We are thrilled to have Ashley Fletcher join our community as one of the two 2018/2019 AIGA DC Design Continuum Fund Scholarship recipients. Ashley Fletcher is pursuing a Master of Fine Arts at the Maryland Institute College of Art (MICA). With her passion for design and social change, she wants to promote African American creatives and mentorship for youth interested in design.
Congratulations on being selected as a recipient for the Design Continuum Fund Scholarship! How does it feel?
It feels amazing and I’m still in shock! This is my second time applying. I’m really grateful and excited for this opportunity. I know the scholarship gets a bunch of applicants. To know that my application stood out means a lot.
You mentioned it is your second time applying to the scholarship. When was the first time you applied?
Last year I did MICA’s post-baccalaureate program, which is now the Master’s program. So I applied for the Continuum Fund scholarship when I first applied to MICA. Then I applied again when I decided to get a Master’s of Fine Art. So, perseverance is definitely key.
What made you want to become a designer?
Originally, it started with working on my high-school’s yearbook.It made me realize that this is something I was good at and what I wanted to do. I went to Gettysburg Yearbook Camp, which was really interesting. was not something I had much experience with other than going through fashion magazines in my mom’s hair salon. The camp pushed me to look at the layouts and composition of publications. It made me realize this was something I could do.
[But] when I first started undergrad [at Salisbury University], I studied business administration with a minor in marketing. I took a safe route going into undergrad. I was unsure if I could do design because I did not have a traditional art background. I wasn’t the best. I wasn’t Picasso. But I had to make the change away from business because I realized I really wanted to do design and I had had to get over my fear.
What kinds of projects have you worked on at MICA?
My projects focus on representation, social change, and design for good. I was able to focus on representation for me as an African American designer and an African American artist.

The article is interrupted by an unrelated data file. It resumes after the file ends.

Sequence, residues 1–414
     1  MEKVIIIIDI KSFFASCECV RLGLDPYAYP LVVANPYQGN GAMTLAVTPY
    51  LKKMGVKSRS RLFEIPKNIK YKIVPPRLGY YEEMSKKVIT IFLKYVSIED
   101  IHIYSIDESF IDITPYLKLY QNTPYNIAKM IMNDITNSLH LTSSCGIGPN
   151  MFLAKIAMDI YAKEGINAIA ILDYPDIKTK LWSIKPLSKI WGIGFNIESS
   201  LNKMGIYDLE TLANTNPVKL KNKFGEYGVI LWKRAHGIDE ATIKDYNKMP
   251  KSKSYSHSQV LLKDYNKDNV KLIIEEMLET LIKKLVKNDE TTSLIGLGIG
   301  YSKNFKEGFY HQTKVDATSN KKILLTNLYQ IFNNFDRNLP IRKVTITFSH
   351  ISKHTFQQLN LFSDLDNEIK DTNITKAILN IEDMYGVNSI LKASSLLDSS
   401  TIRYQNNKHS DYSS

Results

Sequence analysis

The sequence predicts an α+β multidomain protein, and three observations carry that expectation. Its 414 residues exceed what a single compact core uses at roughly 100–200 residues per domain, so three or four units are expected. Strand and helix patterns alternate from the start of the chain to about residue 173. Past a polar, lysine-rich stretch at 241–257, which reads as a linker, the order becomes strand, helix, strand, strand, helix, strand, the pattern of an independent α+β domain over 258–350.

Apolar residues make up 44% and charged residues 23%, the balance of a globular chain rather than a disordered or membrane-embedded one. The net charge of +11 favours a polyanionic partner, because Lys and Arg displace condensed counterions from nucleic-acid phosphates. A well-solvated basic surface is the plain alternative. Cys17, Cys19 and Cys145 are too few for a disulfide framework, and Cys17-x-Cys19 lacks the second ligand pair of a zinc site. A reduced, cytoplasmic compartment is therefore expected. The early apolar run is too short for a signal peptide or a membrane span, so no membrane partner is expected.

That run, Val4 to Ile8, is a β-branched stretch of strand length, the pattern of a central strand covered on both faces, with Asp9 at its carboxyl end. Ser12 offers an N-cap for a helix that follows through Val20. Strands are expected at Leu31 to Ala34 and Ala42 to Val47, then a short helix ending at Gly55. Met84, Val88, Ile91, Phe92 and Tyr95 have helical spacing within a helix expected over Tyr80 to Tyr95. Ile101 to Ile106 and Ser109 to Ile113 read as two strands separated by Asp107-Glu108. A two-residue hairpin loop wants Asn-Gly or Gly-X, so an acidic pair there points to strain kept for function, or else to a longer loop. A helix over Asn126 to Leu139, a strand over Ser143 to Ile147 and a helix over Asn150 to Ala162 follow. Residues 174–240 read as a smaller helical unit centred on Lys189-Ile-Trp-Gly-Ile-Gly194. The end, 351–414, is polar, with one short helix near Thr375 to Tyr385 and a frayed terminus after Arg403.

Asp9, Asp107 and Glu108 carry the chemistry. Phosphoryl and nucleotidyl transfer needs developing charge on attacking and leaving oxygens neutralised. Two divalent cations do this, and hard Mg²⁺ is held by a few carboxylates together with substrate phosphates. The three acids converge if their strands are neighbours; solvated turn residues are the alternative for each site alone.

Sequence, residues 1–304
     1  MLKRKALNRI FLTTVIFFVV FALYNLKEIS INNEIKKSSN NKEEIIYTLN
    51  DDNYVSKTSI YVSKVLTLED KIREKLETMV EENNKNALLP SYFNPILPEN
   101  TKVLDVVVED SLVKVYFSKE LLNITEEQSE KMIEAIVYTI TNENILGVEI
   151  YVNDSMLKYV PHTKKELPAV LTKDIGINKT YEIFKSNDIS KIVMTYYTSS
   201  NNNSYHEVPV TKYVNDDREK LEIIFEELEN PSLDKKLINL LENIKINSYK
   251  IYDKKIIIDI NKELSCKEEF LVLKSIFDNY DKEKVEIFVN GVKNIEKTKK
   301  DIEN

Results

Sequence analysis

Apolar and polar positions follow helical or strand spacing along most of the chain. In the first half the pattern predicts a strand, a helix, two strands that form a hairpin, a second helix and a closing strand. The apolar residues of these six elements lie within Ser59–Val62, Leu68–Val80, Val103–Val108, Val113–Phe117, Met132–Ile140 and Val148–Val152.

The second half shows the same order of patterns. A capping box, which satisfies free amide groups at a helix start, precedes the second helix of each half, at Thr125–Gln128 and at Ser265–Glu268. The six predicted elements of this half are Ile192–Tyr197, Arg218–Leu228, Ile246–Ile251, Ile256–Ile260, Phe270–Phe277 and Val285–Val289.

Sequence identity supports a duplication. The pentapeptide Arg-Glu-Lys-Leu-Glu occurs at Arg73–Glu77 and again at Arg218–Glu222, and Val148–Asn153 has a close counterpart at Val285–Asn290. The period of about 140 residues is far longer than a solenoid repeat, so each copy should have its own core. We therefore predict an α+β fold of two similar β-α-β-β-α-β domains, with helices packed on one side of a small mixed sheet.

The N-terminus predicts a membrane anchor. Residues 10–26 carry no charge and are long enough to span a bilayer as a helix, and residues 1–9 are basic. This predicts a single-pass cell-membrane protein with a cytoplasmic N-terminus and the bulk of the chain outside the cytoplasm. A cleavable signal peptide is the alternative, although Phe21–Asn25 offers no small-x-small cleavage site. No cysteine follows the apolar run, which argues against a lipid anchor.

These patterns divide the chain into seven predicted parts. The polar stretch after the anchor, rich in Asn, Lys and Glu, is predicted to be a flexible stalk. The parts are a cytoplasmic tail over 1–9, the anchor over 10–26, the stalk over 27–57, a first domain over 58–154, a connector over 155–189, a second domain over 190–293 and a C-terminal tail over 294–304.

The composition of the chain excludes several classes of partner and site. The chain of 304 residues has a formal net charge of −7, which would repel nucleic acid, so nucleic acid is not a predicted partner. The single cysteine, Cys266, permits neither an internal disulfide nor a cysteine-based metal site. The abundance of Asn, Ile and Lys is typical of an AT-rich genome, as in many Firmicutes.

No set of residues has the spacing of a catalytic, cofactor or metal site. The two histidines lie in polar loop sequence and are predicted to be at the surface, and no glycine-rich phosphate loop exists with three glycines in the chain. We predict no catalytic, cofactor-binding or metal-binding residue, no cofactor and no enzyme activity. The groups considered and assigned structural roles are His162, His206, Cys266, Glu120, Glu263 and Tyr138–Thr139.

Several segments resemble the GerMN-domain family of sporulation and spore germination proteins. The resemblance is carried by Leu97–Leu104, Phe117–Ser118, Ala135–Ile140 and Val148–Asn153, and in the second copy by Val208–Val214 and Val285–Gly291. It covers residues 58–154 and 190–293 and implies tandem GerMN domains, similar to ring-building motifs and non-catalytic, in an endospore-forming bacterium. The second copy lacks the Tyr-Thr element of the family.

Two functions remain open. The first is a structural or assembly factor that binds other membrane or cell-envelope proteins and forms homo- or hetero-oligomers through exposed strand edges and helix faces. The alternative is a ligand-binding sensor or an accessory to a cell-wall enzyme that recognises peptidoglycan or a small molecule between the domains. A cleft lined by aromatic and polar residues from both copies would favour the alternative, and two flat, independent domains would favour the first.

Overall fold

When I was an undergrad, there weren’t a lot of resources available to support me in those aspects of my work. So at MICA I created ARDOR magazine, which was one of my biggest accomplishments. It’s a publication that highlights African American creators of color. It reinforces the positive narrative of African Americans and African American artists. That was a 120-page publication. I covered renowned artists and had a local segment that covered artists from MICA, Baltimore, and DC. It was a cool opportunity for me to create something that encompassed me and my identity.
For my thesis show, I did branding for Cado & Co, a fast-casual restaurant. This project discussed the accessibility of plant-based and organic, healthy foods in fast-casual and fast-food dining. This was an opportunity for me to create something that would be available for people across the U.S. to eat healthy and provide a positive plant-based lifestyle. For the restaurant branding, I did things like screenprinting and menu design. I always wanted to do branding, and this project helped me incorporate that into social change and design for good.
Are there any projects outside of MICA that you’re working on? You mentioned you have a passion for representation and social good.
This past summer, I was working with several nonprofits. I was able to work with Design Fest, which is held at MICA, but it works with local organizations in the Baltimore area. I worked with Mikey’s Miracle Foundation, a non-profit that provides support to cancer victims in their caregivers. I helped them revamp their brand along with other small businesses.
My goal this year is to mentor high-school and middle-school students in design to let them know that this is something they can do.
So what’s next after school?
I would like to start my own branding and advertising agency. I want to include mentorship as a big aspect of it for middle schoolers and high schoolers. I want to make sure the projects we’re working on include social change.